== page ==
Here are some brief notes on the songs we will be singing this Lord’s Day at Christ Church.
Just a reminder we sing four hymns outside of the Lord’s Supper: an entrance hymn, one song after the confession of sin, and two songs prior to the sermon.
Entrance Hymn: Psalm 138 (With All My Heart My Thanks I’ll Bring), p. 182
This is a great song to enter into worship with. First, it has a wonderful tune. The opening song should have some pep to it. This one does.
Second, it is about thanksgiving. The very first line of the song indicates David’s purpose for writing the psalm. He wants to give thanks to God for his truth and grace. Whenever we enter God’s house we should be ready to give him thanks and praise.
Third, there is an emphasis on God’s Word. King David gives praise to God for magnifying his faithful word. Then he declares that all the kings of earth will give thanks and sing when they have heard God’s Word. Like David we enter into God’s house to hear his word and give thanks to God for the Scriptures.
Finally, David says that God “knoweth” the proud and haughty only from afar. As we enter worship, humility is needed. We come to bend the knee to God’s Word and His will. The proud are cast down in worship, but the humble repent and grow.
Hymn of Thanksgiving: O Come, O Come Emmanuel, p. 227
Next Sunday is the first Sunday of Advent. During Advent we look back to the time before Christ was born, but we also look forward to the time when he will come again. It is a season of waiting. This hymn reflects that longing for Christ that was in the heart of every true Israelite before Jesus came and should be in our hearts too as we look for the coming of our Lord.
One cool part of this song is how each verse begins with an Old Testament name of Jesus.
Emmanuel means “God with Us” and is used in Isaiah 7:14 and quoted in Matthew 1:23.
Lord of Might is a paraphrase of one of Isaiah’s favorite names of God “Lord of Hosts.” This phrase is used 50 times in Isaiah. It means Lord of armies and refers to God’s power and might.
Rod of Jesseis found in Isaiah 11:1 in the King James Version where God promises to send a king to rule.
Dayspringmeans sunrise and probably refers to Jesus as the great coming light, which is mentioned in Isaiah 60:1, 19.
Key of Davidcomes from Isaiah 22:22 where the Lord says he will lay the Key of David on Eliakim who is a type of Christ. In 22:22 God says he will lay the keys on Eliakim’s shoulder, which points back to Isaiah 9:6 where it is said that the government will be upon Jesus’ shoulder.
The main point of the song is that the coming of Christ brings gladness and joy as all our enemies are put to flight.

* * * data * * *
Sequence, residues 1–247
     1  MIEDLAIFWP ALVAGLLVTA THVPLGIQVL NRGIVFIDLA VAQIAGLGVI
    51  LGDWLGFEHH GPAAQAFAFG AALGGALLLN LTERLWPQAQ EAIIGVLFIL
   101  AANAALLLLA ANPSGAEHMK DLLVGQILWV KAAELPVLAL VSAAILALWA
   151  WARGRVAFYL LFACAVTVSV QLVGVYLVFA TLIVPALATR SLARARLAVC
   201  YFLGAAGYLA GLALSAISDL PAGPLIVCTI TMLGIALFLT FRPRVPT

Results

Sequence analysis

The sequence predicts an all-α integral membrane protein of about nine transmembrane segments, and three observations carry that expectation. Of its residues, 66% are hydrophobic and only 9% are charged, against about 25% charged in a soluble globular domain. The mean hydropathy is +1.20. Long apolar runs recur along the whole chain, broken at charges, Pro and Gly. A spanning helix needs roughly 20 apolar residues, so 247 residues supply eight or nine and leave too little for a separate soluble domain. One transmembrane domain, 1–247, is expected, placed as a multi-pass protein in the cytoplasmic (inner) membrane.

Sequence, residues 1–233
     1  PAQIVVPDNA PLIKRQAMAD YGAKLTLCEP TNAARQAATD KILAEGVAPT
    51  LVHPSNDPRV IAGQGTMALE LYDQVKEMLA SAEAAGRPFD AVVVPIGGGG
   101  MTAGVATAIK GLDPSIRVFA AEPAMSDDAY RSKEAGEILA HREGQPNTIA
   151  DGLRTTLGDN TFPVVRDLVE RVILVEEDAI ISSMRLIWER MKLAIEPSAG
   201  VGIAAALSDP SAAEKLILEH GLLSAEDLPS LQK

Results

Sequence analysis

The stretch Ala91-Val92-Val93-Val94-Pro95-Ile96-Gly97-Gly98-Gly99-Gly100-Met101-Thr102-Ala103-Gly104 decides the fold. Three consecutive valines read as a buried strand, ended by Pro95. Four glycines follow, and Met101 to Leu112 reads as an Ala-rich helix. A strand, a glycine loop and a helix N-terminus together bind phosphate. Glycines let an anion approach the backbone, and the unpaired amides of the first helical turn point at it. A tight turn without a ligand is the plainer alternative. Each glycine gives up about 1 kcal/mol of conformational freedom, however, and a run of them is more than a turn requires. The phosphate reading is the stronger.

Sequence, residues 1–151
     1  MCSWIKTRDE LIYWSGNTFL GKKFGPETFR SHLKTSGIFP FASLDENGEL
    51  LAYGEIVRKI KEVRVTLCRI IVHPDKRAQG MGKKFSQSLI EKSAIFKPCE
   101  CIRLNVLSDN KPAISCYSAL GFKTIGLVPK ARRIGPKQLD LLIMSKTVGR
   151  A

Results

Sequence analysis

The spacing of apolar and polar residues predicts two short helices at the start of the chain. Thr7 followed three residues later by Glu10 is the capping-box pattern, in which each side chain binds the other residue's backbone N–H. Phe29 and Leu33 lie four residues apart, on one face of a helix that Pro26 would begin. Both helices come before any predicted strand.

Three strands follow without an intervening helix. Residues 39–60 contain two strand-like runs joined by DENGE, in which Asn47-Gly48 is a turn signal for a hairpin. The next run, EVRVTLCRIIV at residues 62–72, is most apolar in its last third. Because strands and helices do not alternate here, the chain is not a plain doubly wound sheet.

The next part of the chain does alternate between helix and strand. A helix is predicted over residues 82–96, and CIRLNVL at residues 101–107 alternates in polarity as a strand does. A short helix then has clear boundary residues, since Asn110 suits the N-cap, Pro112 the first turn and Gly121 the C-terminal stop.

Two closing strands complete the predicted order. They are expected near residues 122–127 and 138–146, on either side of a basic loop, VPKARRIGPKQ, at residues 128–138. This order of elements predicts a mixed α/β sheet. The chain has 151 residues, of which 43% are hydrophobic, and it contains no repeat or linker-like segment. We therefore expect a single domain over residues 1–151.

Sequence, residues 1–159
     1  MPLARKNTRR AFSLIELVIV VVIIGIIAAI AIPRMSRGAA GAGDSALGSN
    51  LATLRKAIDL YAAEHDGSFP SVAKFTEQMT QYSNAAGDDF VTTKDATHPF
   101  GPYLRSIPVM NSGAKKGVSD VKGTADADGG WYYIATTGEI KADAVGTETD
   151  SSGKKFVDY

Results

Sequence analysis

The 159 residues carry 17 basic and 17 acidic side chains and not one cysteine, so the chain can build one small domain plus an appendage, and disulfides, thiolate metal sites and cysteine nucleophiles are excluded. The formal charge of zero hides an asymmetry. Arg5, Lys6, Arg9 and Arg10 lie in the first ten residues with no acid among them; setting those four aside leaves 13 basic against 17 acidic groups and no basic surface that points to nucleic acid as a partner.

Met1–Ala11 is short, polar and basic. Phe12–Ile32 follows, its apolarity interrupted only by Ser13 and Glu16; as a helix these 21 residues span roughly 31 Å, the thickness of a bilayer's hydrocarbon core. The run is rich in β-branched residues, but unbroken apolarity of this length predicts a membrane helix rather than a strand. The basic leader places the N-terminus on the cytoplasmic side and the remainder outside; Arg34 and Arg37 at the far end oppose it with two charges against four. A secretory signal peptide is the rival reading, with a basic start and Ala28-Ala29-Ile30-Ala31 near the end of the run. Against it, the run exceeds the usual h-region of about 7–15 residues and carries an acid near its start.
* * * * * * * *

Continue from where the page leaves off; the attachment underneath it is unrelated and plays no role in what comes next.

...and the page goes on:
Worship Song #1: Psalm 63 (O Lord, My God, Most Earnestly), p. 93
Psalm 63 is a beautiful meditation by King David on his longing for God. If you look in your Bible you will see that David wrote this psalm when he was in the wilderness of Judah fleeing from King Saul. Two verses sum up David’s love for God and God’s love for David. First, verse 1 declares that apart from God David will die. He will go hungry. He will go thirsty. His flesh will waste away. Second, in verse 3 he says that the lovingkindness of God is better than life to him. The word in Hebrew is “chesed” or God’s covenant faithfulness or mercy. God’s love for David is better than breath. He would rather die than be cut off from God’s love.
The tune is a bit melancholy, emphasizing David’s longing for God and his mercy. Notice here that David longs to go into God’s house. While the tabernacle and Temple have been done away with, God’s people should still long to be in God’s presence and worshiping with other saints. God is always with us, as he was with David in the wilderness. However, there is a special presence of God in worship. It is in within his house that we see the “glories of his grace.”
Worship Song #2: O for a Thousand Tongues to Sing, p. 315
How impoverished our hymn singing would be without Charles Wesley! Wesley begins this great hymn with praise and then, as usual, fills it with wonderful images of God’s kindness to us in Christ.
My favorite line in the song, and one of the most theologically rich, is the first phrase in verse 4, “He breaks the power of cancelled sin.” Here, in one short phrase, Wesley speaks of both sanctification (breaking sin’s power) and justification (sin being cancelled). He reminds us that Jesus forgives, but by His Spirit, he also gives us power to overcome sin.
Wesley also gives us a great picture of salvation when he says that Jesus “speaks and listening to His voice new life the dead receive” (verse 5). First, Wesley understands that we are dead and need to be raised. We don’t need more education. We need resurrection. Second, he understands that Jesus’ voice is what raises us. Wesley probably has John 10:3 and 16 in view as well as the raising of Lazarus from the dead in John 11:38-44.
Finally, Wesley began his hymn wishing for a thousand tongues to praise God. He ends the hymn with a call to all the redeemed to employ their tongues in praise to God (verse 6).
I encourage you to practice these songs as a family or listen to them online as you prepare to enter God’s house.